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An interview with Premesh Chandran
Published:  Feb 24, 2022 1:14 PM
Updated: 5:55 AM

Yesterday, Premesh Chandran announced that he would be stepping down as CEO of Malaysiakini. Here’s a Q&A about his time with the country’s top online news website and his future plans.

You are stepping down as Malaysiakini CEO, why now and how did this come about?

Actually, I had planned to step down in 2020, as I announced at Malaysiakini’s 20th anniversary dinner. It was a good time to let go, with a government committed to improving press freedom, combined with an experienced team and financial stability at Malaysiakini.

However, as we were working on the transition, the unprecedented Covid-19 pandemic and the Sheraton Move rocked the nation. There was too much uncertainty for me to leave, and the candidates we had in mind were also hesitant to take the job under such circumstances. And so, I took the decision to postpone my departure.

Now with the pandemic ebbing and the company financially strong - we just paid off the loan on our building - it's time to move forward with the decision.

I used to say that Dr Mahathir Mohamad’s 22-year term was way too long, and yet I have stayed just as long. We all have important roles to play, but nobody is indispensable. I did tell the team, who knows, I might come back when I am in my 90s! [Laughs]

Who will be taking over from you?

We did consider bringing in a new CEO. However, there are some challenges.

We have a strong internal team and a distinct work culture, and this may jolt someone brand new at the top. We also value internal equity, with a more balanced salary structure as compared to the industry. As a result, our top-level salaries are under par and new entrants are likely to have to take a pay cut as compared to their previous compensation.

Malaysiakini is also seen as a politically sensitive organisation, our leaders will have to deal with the occasional threat and legal challenge while ensuring commercial profitability and growth.

A ‘Buy a Brick’ campaign dinner event in 2013

Hence, it would be best for someone internal to rise to the top. Sometimes that is hard to do, while the founders are still around. So, the plan is for Steven Gan to take over commercial leadership for now, while our current senior managers take on more responsibility and leadership as well.

Nevertheless, we will be recruiting new senior hires and working alongside our current capable team, I am sure Malaysiakini is in good hands.

Will you continue to have a role in Malaysiakini? Will you be selling your shareholding?

I suppose Malaysiakini will always be part of me and I will be part of Malaysiakini. Formally, I will continue to be a director at the group level but will step away from daily operations.

Over the years, we have received many offers to buy Malaysiakini as we are perceived to be credible and politically influential with our large and diverse audience base. However, there is always a suspicion that these investors may impose their own political agenda rather than allow Malaysiakini to remain independent.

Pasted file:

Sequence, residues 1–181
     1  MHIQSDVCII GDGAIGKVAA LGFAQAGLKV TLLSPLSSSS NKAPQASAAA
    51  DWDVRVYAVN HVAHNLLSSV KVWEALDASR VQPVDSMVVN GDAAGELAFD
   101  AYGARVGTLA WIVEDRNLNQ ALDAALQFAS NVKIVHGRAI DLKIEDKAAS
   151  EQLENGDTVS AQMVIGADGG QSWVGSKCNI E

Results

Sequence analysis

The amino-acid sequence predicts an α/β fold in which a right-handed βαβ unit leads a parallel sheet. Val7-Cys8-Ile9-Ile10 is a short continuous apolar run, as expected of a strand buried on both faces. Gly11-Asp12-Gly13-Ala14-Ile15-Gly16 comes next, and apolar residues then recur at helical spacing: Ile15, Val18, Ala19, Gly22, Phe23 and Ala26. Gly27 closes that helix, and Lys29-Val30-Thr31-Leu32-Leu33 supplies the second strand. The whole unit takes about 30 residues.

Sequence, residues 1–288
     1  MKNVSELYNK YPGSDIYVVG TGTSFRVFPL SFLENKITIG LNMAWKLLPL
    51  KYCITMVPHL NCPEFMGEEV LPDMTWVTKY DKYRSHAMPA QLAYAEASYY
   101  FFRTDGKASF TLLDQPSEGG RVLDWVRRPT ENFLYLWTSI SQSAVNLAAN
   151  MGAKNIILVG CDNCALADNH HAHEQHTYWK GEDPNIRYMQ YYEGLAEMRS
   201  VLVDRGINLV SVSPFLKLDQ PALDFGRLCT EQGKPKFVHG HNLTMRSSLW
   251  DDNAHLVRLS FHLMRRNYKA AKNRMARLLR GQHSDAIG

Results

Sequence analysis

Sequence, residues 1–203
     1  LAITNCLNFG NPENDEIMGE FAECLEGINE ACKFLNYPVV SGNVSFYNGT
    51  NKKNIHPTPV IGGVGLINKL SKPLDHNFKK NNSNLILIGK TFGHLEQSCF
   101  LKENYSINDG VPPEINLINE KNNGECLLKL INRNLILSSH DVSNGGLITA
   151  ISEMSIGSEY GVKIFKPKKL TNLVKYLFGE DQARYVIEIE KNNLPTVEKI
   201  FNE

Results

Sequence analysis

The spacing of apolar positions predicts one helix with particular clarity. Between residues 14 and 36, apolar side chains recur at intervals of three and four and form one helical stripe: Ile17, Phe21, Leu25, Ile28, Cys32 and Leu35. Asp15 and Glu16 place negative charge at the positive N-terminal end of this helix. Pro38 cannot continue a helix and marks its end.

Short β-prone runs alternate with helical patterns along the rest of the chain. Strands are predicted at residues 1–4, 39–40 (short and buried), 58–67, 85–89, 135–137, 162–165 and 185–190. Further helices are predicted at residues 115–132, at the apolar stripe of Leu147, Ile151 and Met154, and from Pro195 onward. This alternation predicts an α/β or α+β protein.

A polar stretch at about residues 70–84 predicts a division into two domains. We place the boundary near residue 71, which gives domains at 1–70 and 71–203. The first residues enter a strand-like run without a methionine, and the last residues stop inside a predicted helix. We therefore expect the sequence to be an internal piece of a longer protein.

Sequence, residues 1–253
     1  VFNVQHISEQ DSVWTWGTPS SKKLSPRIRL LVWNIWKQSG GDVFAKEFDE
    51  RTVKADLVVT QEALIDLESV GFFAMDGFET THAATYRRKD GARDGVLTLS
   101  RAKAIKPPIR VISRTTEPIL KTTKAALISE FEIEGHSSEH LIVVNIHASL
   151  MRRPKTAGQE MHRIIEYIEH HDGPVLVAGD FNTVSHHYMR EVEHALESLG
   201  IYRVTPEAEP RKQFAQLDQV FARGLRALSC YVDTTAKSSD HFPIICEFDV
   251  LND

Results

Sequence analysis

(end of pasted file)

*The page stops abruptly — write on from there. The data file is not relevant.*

Furthermore, Malaysiakini has been financially and morally supported by our readership and so, it's important to recognise this element of public ownership.

Hence, Steven and I have decided to establish a non-profit entity that will become the major owner of Malaysiakini as the founders transition out of the organisation over time.

We intend for the non-profit to be run by a group that can ensure Malaysiakini remains commercially viable as well as independent from political pressures.

This will ensure that Malaysiakini can continue its mission even when the founders are no longer around.

Looking back, what were some of your proudest moments?

There are many! I remember when we first made the website live on Nov 20, 1999. It was a proud moment for the whole team but there was also nervous fear - no turning back, a point of no return.

I remember our first police raid, back in 2002 when they took all our computers. There was an avalanche of support, including (then PKR leader) Wan Azizah (Wan Ismail) leading a candlelight vigil outside Malaysiakini.

It was the first time we felt the brunt of direct government pressure, but at the same time, we were elated that our readers were with us.

Premesh Chandran with Abdullah Ahmad (centre) and Mahathir Mohamad in 2004

In 2004, the late Abdullah Ahmad aka Dollah Kok Lanas, arranged our first interview with then retired Dr Mahathir at the top floor of Petronas Towers. The first thing he said was that he didn’t like Malaysiakini. It was tense and hilarious!

In 2011, a Chinese competitor website Merdeka Review announced it was going to close. Instead of celebrating, our Chinese desk came up with the idea of saving them by launching a joint subscription package - Malaysiakini + Merdeka Review for a single price, and we would give them half the revenue from this deal. Thousands of readers cheered us and signed up, showing the power of collaboration over competition. It was amazing!

We have run many fantastic stories and special reports that have rocked the nation. Our journalists and editors have been brave and determined, even when they knew there could be severe repercussions.

We were always ahead with our election coverage. In 2008, millions tuned in to Malaysiakini to hear the state governments in Kedah, Penang, Perak and Selangor falling to Pakatan Rakyat. Later, prime minister Abdullah Badawi admitted that he underestimated the power of the Internet in creating change.

Of course, in GE14 in 2018, as other media held back, Malaysiakini led the count. We were collating the results from various sources and reported that Pakatan Harapan had reached 110. We looked for two more results, and at exactly 2.28am in the morning, we showed Harapan had indeed won a majority. Minutes later, other media followed suit.